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For us in local news, Facebook is like a roller coaster ride

You may have missed our Facebook posts over the weekend.

Our social media posting service had a hiccup.

Some of our content was posted to Facebook multiple times. By Sunday, nearly all of the content that we had posted on our Facebook page over the course of the last year had disappeared.

Thankfully, by Monday night the content had returned. So did our ability to automatically post content to Facebook (thanks, Facebook, for fixing whatever it is that was broken).

Those who follow us on Twitter, subscribe to our emails, or visit the homepage did not see a disruption.

I’ve been paying close attention to Facebook since last fall when I was invited to mingle with other journalists from the Washington, D.C. area at the Facebook Journalism Project. It was day-long meeting in Washington to discuss how the social network is responding to its critics when it comes to accusations of “fake news,” and it was an opportunity to show journalists how to use new tools on Facebook to use to reach new audiences and to produce better journalism.

I’ve grown Potomac Local with the help of Facebook. I’ve used the social networking service to share on content since we launched in 2010, I’ve purchased ads on the service to increase the number of local Facebook users who need to be aware of Potomac Local, and I’ve boosted our advertising clients’ posts on the social network.

In recent weeks, it has been disheartening to learn that Facebook will limit the news posts users will see when they log into Facebook. After hearing that news, I urged our readers to sign up for our emails so they never miss a post.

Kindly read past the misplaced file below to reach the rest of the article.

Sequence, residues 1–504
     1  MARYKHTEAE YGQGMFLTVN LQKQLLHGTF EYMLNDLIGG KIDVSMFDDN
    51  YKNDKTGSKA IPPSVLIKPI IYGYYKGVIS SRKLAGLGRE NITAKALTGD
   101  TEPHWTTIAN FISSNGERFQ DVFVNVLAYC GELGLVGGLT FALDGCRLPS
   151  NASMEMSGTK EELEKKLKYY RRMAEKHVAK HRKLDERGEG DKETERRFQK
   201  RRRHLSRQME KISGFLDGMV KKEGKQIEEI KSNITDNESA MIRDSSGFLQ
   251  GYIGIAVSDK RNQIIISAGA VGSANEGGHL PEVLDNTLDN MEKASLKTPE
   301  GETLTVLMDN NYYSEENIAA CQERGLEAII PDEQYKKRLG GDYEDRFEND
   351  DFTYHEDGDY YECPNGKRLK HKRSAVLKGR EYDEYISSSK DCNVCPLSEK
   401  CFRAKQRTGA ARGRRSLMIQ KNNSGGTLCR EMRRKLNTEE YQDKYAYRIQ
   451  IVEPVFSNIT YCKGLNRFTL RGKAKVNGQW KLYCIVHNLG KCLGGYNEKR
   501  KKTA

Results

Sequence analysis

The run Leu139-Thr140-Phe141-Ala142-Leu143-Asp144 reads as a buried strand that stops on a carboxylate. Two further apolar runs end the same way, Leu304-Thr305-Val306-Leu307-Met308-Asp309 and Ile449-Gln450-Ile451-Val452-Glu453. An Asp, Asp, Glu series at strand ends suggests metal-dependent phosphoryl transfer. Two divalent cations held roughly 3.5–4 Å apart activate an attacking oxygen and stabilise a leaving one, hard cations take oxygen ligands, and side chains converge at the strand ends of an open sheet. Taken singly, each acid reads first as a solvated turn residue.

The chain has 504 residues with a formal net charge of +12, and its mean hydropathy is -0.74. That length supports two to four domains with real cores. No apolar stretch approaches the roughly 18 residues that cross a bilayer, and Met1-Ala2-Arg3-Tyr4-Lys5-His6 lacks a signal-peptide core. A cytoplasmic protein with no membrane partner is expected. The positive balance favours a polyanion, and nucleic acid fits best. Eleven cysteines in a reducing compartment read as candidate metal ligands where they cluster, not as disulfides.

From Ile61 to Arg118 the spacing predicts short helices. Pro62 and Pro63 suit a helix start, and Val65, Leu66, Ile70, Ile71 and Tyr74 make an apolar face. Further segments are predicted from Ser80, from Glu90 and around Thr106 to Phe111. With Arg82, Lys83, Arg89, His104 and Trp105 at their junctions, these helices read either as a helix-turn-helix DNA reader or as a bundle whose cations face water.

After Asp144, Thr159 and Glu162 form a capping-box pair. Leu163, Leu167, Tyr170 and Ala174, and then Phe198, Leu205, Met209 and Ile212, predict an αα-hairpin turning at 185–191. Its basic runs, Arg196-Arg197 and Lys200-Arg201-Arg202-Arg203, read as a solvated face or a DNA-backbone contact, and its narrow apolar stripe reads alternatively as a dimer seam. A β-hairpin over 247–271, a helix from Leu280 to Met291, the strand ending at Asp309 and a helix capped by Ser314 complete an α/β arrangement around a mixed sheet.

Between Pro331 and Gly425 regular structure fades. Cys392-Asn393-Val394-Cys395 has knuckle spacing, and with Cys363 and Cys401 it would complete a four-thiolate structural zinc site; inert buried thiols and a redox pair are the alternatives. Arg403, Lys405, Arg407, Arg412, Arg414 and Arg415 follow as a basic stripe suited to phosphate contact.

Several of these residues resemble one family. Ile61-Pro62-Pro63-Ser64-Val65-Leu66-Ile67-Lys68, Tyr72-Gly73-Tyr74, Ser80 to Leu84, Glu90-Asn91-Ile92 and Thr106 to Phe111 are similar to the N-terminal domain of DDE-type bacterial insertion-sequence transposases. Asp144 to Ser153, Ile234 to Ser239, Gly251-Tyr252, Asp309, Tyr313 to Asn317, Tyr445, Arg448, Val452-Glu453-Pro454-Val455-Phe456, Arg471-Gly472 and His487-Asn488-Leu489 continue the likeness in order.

If you want to make sure you keep seeing us on Facebook, there’s also a way to do that, too.

The changes for Facebook have many wondering if the social network is trying to figure out a path forward. Others question whether or not the move to limit the amount of news content you see is so the company can expand into markets without a free press, like China.

Monday brought even more Facebook news, as the social network announced that it now wants to show more local news to its users. That’s good news for people like me, other local independent journalists, and of course Potomac Local fans.

It was the best news from Facebook I had heard in weeks.

But then I had to remind myself that only a week ago Facebook founder Mark Zuckerberg said users should expect less news, and more feel-good content, as well as content posted by friends and family.

Keeping up with all of this has been a rollercoaster ride. But, it’s part of the changing business local digital media and local news.

Uriah Kiser is the founder and publisher of Potomac Local.

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